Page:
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KTUA completes USD’s Paseo de Colachis in time for fall semester

KTUA Planning and Landscape Architecture has completed the new Paseo de Colachis on the University of San Diego (USD) campus in time for the beginning of fall semester.

This new landscape expands the central pedestrian promenade at USD by closing down an existing two-way vehicular street with a median and continues the outdoor plaza and pedestrian mall to serve as an inviting gathering and activity place for students and staff, explained KTUA’s Brooke Whalen, project landscape architect.

Vehicular drop-offs are integrated into the design of the plaza at both the west and east ends of the site to accommodate the University’s tram service which allows students, staff, and visitors access to the rest of campus.

Sitting on a hillside with expansive views out to the Pacific Ocean, a large decorative tile and stone fountain identifies the entry to the plaza. This fountain and the pedestrian plaza surrounding it forms the gateway into campus.

The site is arranged in three distinct landscape spaces: the lawn, the garden, and the plaza, and includes formal gathering plazas with casual furnishings, outdoor classroom spaces, a large lawn for free- play and community events, an overlook area, and a native demonstration garden. Accessible paths to every building were accommodated with integrated terraces, formal ramps and stairs to account for the significant grade changes across the entire plaza.

“As the prime consultant, it was critical for the project to deliver on time. We worked with sub consultants to complete concept designs, construction documents, and process improvement and building plans at the city in just eleven months for the plaza and just five months for the library expansion.”

According to Whalen, the design team worked closely with University design and construction staff to integrate the plaza with the future development of the campus based on their master plan and also to accommodate current programs and activities. The plaza design was executed so that future expansions of the Olin School of Business and the Copley Library, both sitting on the edge of the plaza, and a future roundabout at the western end, can be seamlessly integrated and connected to the plaza. The student admission office is also adjacent to the plaza.

The desire to provide a space for potential new students to gather for walking tours of the campus was essential to the design and was accomplished with the great lawn. The great lawn was also envisioned as a place to host fundraising events for alumni groups or for other campus events such as homecoming.

With a cohesive Spanish Renaissance design theme throughout the campus, the team blended the aesthetics of the plaza while incorporating emergency service access throughout the plaza and general service access for campus deliveries, food truck events, trash pickup, and maintenance.

As final construction costs were coming in for Paseo de Colachis, the University determined they had enough funds to move forward with the Copley Library entry expansion but the team needed to move quickly so that both projects could be constructed at the same time.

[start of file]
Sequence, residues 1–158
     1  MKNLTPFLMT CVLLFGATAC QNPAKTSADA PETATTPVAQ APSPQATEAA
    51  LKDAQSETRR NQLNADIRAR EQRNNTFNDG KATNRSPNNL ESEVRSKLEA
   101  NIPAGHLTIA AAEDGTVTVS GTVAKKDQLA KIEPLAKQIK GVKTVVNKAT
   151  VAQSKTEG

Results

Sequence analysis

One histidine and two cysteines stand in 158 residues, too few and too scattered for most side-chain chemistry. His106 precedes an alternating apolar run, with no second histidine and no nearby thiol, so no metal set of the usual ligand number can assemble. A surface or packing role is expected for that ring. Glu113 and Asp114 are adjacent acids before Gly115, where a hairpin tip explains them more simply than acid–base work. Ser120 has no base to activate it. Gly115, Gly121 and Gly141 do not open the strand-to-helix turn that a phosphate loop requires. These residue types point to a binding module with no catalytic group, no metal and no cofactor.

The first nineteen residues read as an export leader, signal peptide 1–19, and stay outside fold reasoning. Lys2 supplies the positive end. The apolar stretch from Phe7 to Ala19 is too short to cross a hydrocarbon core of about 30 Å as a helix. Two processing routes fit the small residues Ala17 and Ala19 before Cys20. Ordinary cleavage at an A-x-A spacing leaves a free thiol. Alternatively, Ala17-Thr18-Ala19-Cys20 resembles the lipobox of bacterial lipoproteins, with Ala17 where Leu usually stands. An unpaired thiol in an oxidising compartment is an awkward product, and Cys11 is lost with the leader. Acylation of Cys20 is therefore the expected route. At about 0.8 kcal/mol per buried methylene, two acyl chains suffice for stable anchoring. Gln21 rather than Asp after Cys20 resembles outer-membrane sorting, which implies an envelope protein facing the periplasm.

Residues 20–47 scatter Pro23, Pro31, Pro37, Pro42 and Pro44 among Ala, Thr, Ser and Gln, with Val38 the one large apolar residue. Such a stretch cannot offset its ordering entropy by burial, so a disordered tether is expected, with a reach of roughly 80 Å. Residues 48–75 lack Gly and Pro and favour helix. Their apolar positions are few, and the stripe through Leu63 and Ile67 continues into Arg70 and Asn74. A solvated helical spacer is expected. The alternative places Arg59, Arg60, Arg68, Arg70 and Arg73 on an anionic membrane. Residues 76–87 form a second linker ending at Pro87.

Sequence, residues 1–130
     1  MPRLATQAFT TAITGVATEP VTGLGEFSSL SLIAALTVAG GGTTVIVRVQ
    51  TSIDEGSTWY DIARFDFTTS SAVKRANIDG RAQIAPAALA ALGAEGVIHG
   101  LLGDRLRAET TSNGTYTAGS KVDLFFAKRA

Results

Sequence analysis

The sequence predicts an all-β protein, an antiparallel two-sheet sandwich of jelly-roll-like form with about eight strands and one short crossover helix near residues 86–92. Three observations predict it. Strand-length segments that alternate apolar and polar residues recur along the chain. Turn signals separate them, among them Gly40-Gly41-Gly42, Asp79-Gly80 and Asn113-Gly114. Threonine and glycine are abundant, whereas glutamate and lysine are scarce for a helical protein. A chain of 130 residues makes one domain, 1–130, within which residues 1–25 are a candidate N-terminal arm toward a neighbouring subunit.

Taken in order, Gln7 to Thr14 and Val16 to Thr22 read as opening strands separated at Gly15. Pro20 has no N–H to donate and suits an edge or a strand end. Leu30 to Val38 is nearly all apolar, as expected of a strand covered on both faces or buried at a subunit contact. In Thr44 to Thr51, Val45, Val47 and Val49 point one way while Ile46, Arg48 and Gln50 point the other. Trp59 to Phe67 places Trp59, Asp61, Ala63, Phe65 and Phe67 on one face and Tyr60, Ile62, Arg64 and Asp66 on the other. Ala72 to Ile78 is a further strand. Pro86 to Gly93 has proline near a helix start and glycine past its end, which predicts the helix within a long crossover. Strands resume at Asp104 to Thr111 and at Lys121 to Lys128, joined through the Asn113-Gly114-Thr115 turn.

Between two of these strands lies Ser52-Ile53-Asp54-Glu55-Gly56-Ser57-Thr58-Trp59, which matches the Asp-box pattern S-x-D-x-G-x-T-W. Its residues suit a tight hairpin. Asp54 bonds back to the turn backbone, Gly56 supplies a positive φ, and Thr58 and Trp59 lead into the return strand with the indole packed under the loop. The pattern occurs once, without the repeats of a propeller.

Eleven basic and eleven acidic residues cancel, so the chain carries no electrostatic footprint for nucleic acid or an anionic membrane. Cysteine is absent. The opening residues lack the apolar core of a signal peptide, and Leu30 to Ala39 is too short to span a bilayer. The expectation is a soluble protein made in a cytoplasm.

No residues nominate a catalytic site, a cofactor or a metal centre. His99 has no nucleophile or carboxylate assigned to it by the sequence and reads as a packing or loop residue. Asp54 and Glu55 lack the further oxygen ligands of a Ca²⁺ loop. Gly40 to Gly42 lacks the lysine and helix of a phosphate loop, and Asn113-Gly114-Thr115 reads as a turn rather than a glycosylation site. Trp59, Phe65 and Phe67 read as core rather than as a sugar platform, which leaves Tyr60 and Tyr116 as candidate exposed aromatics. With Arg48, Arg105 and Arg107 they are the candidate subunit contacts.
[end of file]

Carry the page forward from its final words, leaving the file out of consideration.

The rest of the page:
KTUA worked with the facilities and maintenance staff to develop concepts which again took into account the features of the master plan. The concepts were presented to a library stakeholder group, the plans refined, and construction documents were completed. The final design resulted in opening up the once-closed-off entry to the library with a grand staircase that is centered off the fountain in the plaza. An intermediate landing at the stairs brings students to a plaza with table and chairs and shade trees for outdoor studying. The entry monument sign was located to accommodate the future roundabout.

Whalen said that the University put forth an aggressive design and construction schedule in order to utilize the summer months when students were on break to disrupt the campus as little as possible.

“As the prime consultant, it was critical for the project to deliver on time. We worked with sub consultants to complete concept designs, construction documents, and process improvement and building plans at the city in just eleven months for the plaza and just five months for the library expansion.”

During construction, KTUA participated in weekly owner/architect/contractor meetings.

The project had its challenges. The site sits in the middle of an active campus with limited construction access on just two sides of the project. The team had to consider ingress and egress to the adjacent buildings and the safety of the students throughout the construction process. This was done by breaking the work up into phases and constructing temporary walks where required.

In addition, the existing conditions such as significant grade changes that needed to tie into existing conditions and undocumented utilities at key design features provided a challenge. The design team had to come up with cost-effective solutions in a short period of time to help control construction schedule delays and excessive costs. KTUA walked the site on a regular basis to ensure the construction quality was executed to the University’s highest standards.

Contact: Brooke Whalen, KTUA Senior Associate, brooke@ktua.com, 619.294.477 x151